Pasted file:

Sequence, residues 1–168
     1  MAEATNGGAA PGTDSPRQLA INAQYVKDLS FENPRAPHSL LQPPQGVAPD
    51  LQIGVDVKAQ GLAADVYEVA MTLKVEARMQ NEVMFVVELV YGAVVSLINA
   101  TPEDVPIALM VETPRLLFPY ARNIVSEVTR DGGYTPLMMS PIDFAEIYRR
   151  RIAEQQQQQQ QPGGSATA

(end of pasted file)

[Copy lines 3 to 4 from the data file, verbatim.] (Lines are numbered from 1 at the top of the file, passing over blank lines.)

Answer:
    51  LQIGVDVKAQ GLAADVYEVA MTLKVEARMQ NEVMFVVELV YGAVVSLINA
   101  TPEDVPIALM VETPRLLFPY ARNIVSEVTR DGGYTPLMMS PIDFAEIYRR